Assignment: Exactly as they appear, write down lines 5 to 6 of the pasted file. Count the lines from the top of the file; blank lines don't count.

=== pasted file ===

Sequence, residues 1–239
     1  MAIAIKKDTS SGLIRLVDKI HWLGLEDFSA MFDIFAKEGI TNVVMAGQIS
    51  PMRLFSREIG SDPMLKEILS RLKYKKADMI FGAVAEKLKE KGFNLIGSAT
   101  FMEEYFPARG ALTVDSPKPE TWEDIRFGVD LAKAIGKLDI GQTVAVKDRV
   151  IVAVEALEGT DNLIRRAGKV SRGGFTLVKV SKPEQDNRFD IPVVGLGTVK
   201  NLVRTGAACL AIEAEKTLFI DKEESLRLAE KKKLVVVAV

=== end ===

   151  IVAVEALEGT DNLIRRAGKV SRGGFTLVKV SKPEQDNRFD IPVVGLGTVK
   201  NLVRTGAACL AIEAEKTLFI DKEESLRLAE KKKLVVVAV